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Business Impact

One Decision: Apple Switches to Intel Chips

Apple sees greater risk in staying with IBM’s chips than in aligning itself with Intel.

The Decision: Apple sees greater risk in staying with IBM’s chips than in aligning itself with Intel.

Steve Jobs delights in surprising people. Still, it was a shocker, given the long history of Apple’s role as the rebellious alternative to Microsoft’s and Intel’s dominance of personal computing, when he announced in early June that Apple will henceforth develop its Macintosh computers around chips from Intel. By the end of 2007, all of Apple’s personal computers will switch from the PowerPC line of processors to Intel’s chips, which have powered the dominant PC architecture since 1981.

The PowerPC has served Apple well. In 1991, Apple announced it would move from Motorola’s 68000 processor family to what would become the PowerPC, a chip that it would design in collaboration with IBM and Motorola. The decision to switch was made in part because complex-instruction-set computer (CISC) chips like the 68000 and Intel’s x86 chips were thought to have run their course, and because Apple wanted to move to a RISC (reduced-instruction-set computer) architecture, which it thought would give it better performance over the long run. For a time, that seemed to be true, though exact performance comparisons between Macs and PCs are difficult to make.

This story is part of our September 2005 Issue
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But claims of superiority have become harder to sustain. In the past 10 years, the difference between CISC chips and RISC chips has blurred: though nominally CISC chips, Intel’s most recent Pentiums have many of the design features that gave RISC chips their edge. Worse, the latest generation of the PowerPC used too much power and threw off too much heat to work well in notebook computers, especially the miniaturized notebooks known as subnotebooks, which have very cramped innards. That meant Apple was certain to fall behind in the laptop market, which was faster growing and more profitable than the desktop market. In his remarks on the shift from the PowerPC, Jobs mentioned Apple’s frustration at being unable to offer a notebook version of its G5 Macs.

Jobs saw no imminent solution to the power problem. Future production plans from IBM, which, with Freescale Semiconductor (formerly Motorola’s processor unit), manufactures the PowerPC, apparently didn’t reassure him. In part, that may have been because Apple accounts for just a fraction of PowerPC sales. Because of the power problem, and the uncertainty of IBM’s commitment to the chip, “It was very clear that Apple was in a predicament with the PowerPC,” says Tim Bajarin, president of Creative Strategies, a consultancy in Campbell, CA. As Jobs said in June, “As we look ahead, we can envision some amazing products we want to build for you, and we don’t know how to build them with the future PowerPC road map.”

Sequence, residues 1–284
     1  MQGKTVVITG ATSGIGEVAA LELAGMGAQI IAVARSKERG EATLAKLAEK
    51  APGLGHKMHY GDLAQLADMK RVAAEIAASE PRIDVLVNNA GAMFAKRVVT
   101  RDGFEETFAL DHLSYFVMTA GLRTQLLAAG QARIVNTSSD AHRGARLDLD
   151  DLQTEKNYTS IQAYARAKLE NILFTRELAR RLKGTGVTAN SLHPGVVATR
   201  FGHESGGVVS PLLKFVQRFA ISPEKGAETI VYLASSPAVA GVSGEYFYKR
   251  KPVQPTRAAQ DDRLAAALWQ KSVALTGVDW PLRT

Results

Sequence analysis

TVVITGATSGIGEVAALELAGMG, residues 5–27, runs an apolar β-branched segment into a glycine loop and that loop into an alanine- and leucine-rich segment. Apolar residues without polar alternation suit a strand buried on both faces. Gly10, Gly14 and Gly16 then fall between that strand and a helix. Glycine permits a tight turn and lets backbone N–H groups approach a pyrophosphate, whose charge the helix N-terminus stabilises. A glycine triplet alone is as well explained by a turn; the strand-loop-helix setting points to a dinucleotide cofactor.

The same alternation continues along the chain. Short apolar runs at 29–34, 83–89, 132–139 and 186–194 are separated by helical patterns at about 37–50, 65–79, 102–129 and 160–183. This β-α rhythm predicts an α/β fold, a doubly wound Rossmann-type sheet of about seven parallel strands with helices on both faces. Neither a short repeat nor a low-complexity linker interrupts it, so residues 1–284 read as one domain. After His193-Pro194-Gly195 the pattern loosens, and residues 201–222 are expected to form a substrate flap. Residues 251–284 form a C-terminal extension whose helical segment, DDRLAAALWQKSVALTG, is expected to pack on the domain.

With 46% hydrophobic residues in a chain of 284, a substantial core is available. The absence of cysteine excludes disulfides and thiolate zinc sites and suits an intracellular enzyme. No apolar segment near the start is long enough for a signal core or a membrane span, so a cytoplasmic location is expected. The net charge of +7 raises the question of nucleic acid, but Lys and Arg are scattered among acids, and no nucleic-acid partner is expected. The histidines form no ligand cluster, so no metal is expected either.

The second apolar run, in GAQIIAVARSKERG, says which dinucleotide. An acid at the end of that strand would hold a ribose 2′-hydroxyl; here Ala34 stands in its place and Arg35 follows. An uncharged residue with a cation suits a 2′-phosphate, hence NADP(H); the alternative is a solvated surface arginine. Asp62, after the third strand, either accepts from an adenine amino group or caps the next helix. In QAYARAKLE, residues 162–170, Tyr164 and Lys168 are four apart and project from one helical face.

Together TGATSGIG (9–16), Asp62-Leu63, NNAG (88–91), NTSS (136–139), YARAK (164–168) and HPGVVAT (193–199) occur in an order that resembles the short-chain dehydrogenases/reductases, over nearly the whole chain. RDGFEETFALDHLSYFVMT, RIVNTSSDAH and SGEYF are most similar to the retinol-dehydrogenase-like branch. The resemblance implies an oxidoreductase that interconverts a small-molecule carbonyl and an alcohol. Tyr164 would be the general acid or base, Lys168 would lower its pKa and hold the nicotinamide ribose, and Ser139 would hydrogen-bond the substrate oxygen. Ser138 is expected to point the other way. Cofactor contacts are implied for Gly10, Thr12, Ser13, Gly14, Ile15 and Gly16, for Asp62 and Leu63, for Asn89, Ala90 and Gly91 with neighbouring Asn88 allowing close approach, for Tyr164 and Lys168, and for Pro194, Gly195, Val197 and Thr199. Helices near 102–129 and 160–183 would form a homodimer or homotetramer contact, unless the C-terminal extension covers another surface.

Seen one way, Apple’s move to Intel is hardly shocking. Apple has over the past several years moved its PC hardware toward standard components, such as the universal serial bus (USB) and the peripheral component interconnect (PCI). Apple’s products matter not because they use different hardware but because they are elegant. And though most people attribute much of the Mac’s elegance to its operating system, Apple could be moving toward making it possible for a Mac to be loaded not just with Apple’s operating system, but with Windows as well; once the Mac is using an Intel chip, it will probably be able to run Windows in native mode. Current Mac users can already run Windows XP using an emulation program.

Apple’s decision to move to Intel has its risks. Processor transitions are not simple, in large part because they require software migration. But Apple has proven that that’s a problem it can handle. In the early 1990s, it brought its software from the 68000 to the PowerPC, and in 2001, it moved to OS X, a revamped operating system. The biggest risk of the switch to Intel, in fact, has nothing to do with what Apple can do, but rather with what it can prevent others from doing. “Every hacker in the world will try to make the Mac OS run on [PCs],” says Roger Kay, an analyst at International Data Corporation. “If it happened, it would tank their business.” Still, Kay notes that there are ways to prevent the Mac OS from being hacked. Apple is certain to pursue them.

According to Jobs, the first Macs that use Intel processors won’t be available until June 2006, so there’s also the risk of the Osborne Effect–the name applied (perhaps unfairly, given the history of 1980s PC maker Osborne) to the phenomenon of a premature new-product announcement hurting sales of existing products. But Apple has more than $2 billion in cash on hand and a cash cow in the iPod: it can probably weather any short-term losses.

In moving to Intel, Apple is betting that it can improve its fortunes by buying chips from a company that is sure to be focused on PCs for the foreseeable future. IBM, for its part, is moving from the business of hardware to the business of services (see “Research in Development,” May 2005). It could well be that all the major companies involved–Apple, IBM, and Intel–will be better for the move.  – By Michael Fitzgerald

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